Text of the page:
A Seattle birder we know said he identifies about half the birds he encounters by call alone. On a count we joined in Lancaster, California, birders were commonly identifying distantly soaring hawks by silhouette, since color and marks were almost invisible against the bright sky (on that day we saw more than a dozen species of hawks, owls, and eagles).

Working with first-rate birders will also show you just how far field ornithology has come in the past 86 years. Before the turn of the century, it was assumed that you had to shoot a bird to be able to identify it positively. Yet with just a pair of binoculars (the best birders rarely use field guides in their home territory), a good birder can identify what look like specks to the inexperienced observer.

Nuts and bolts

Christmas counts go on regardless of weather, so the most important tip is to dress in layers for the worst; you can take off whatever you don't need if the day warms up or dries out. Check with your group leader about footwear. Some groups drive a lot and walk little, while others walk miles or spend time in the mud around ponds, rivers, and swamps.

For the birding itself, you'll need binoculars, a notebook and pen, and a field guide that covers Western birds (for more about binoculars, see page 38 of the October 1985 Sunset). When you sign up for the count, ask whether you'll need to bring a lunch (your group may want to stop at a restaurant midday), and find out whether there's a potluck afterwards.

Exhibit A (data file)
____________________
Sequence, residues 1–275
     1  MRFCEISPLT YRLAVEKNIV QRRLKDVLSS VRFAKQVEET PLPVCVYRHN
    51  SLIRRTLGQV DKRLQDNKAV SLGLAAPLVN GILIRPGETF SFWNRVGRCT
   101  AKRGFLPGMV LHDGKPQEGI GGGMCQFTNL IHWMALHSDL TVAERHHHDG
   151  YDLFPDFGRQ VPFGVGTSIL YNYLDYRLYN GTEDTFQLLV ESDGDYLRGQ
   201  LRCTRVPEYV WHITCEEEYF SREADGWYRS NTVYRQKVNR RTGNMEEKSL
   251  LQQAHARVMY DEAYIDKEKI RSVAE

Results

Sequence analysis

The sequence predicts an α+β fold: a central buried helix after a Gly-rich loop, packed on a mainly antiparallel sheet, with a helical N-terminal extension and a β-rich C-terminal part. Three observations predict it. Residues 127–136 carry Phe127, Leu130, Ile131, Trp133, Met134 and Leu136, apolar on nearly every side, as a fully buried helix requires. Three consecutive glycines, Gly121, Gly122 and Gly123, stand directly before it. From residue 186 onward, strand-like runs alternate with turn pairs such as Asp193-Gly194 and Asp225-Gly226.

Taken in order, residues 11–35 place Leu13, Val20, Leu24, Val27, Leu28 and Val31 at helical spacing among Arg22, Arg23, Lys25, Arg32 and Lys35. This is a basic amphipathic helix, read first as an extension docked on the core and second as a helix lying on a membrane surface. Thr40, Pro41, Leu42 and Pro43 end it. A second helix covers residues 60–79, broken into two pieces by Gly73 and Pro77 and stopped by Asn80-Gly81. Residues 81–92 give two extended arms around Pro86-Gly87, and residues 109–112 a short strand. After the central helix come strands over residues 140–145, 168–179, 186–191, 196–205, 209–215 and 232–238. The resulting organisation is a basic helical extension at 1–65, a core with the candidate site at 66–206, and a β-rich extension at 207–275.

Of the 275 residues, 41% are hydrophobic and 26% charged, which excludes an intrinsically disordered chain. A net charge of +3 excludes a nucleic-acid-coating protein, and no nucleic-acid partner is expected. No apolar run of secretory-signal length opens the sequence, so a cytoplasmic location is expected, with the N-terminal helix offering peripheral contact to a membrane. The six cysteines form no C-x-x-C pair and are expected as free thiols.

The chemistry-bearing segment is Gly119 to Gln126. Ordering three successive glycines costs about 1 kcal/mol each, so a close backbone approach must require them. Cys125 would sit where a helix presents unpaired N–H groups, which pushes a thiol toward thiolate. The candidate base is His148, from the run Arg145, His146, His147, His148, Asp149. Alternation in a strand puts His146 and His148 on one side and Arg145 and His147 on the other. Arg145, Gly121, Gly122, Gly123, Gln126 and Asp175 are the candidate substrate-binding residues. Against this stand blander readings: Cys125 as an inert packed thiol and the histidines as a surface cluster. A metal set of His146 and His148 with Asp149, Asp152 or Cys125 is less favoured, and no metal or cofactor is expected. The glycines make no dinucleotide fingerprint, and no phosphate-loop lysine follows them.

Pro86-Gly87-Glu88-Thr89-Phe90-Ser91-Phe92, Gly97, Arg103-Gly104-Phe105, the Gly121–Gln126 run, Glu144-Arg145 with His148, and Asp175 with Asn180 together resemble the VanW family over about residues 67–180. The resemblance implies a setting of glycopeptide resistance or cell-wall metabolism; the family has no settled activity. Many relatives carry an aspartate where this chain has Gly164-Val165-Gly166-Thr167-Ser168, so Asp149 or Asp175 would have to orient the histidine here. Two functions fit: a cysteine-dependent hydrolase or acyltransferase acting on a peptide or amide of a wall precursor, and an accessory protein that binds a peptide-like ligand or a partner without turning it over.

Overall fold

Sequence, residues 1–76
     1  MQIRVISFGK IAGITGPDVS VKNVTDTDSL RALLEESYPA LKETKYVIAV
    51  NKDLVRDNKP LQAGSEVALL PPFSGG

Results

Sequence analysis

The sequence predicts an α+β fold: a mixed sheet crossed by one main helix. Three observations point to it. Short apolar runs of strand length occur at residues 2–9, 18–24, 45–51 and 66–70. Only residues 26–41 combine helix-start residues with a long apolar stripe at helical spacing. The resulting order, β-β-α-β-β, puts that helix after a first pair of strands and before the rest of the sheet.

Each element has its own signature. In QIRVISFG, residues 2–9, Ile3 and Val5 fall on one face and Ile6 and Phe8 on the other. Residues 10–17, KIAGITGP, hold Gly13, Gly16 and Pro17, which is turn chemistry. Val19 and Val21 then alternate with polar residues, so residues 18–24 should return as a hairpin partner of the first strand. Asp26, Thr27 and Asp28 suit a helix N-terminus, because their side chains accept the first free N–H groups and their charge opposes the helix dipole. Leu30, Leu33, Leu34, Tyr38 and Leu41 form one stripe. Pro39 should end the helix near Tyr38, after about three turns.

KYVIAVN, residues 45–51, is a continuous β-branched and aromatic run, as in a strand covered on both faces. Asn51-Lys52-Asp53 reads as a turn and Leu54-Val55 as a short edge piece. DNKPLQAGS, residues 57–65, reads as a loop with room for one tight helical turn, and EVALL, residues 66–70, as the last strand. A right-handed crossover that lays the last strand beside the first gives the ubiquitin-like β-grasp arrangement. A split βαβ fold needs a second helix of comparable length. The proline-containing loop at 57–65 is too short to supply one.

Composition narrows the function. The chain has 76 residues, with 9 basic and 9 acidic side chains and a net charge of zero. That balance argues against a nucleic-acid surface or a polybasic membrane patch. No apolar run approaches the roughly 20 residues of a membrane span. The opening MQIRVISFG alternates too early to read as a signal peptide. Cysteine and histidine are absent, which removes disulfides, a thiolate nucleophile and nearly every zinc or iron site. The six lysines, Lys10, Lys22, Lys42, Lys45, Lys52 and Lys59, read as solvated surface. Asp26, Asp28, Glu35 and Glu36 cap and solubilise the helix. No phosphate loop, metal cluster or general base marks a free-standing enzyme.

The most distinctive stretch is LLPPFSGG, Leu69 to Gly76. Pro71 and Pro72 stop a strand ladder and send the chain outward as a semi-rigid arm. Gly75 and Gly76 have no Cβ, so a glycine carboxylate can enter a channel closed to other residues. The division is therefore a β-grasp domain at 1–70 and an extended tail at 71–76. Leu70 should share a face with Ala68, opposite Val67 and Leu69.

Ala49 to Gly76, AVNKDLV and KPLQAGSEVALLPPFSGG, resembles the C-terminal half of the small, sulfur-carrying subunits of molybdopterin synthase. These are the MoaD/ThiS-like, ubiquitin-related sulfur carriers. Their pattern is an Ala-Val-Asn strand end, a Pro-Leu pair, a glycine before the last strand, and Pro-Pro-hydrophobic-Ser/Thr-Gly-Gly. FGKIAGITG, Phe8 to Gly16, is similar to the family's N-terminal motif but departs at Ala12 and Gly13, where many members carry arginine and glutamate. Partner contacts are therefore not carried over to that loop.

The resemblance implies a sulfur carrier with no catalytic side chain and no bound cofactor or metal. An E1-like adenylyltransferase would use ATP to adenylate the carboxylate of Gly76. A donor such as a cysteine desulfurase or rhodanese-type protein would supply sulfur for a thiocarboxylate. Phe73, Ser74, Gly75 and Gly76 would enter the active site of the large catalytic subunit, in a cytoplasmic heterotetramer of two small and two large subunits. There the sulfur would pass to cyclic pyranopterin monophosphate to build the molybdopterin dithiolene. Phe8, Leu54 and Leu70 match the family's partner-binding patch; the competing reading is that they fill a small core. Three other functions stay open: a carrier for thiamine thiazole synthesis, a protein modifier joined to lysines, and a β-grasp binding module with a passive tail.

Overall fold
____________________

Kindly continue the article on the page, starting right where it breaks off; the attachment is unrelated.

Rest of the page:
While children don't usually come on the counts--the day tends tobe too long for most--they're usually allowed if they can be quiet when the group is stalking birds. If they're not interested in a long day of birding, a better plan might be to leave them home during the day and invite them and perhaps your nonbirding spouse to the evening compilation, where families are usually welcome.

How to sign up for a count

The 1986-87 counts will be scheduled December 18 through January 4 across the country. Exact dates are set by local Audubon chapters, and they're almost never on Christmas; usually Saturdays or Sundays are chosen, less often weekdays. You can sign up for a count through your local Audubon chapter (in most major cities, you'll find its number in the phone book)--or check with your local library or natural history museum. If all else fails, write to Christms Bird Count Editor, American Birds, 950 Third Ave., New York 10022. Include your address and, if you live in the hinterlands, the name of a large town nearby.

Participation in the count costs $3, payable on the day of the count.

Photo: Bundled against the cold, small team of birdwatchers uses binoculars, a spotting scope, and notepad to count birds along an arm of Puget Sound in Washington

Photo: Smallest counting group consists of a spotter and a recorder. They total northern shovelers (above) on a country pond

Photo: Double-checking field marks, birders verify an unusual species before adding it to the day's total at the post-count potluck
COPYRIGHT 1986 Sunset Publishing Corp.
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Copyright 1986 Gale, Cengage Learning. All rights reserved.

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Date:Dec 1, 1986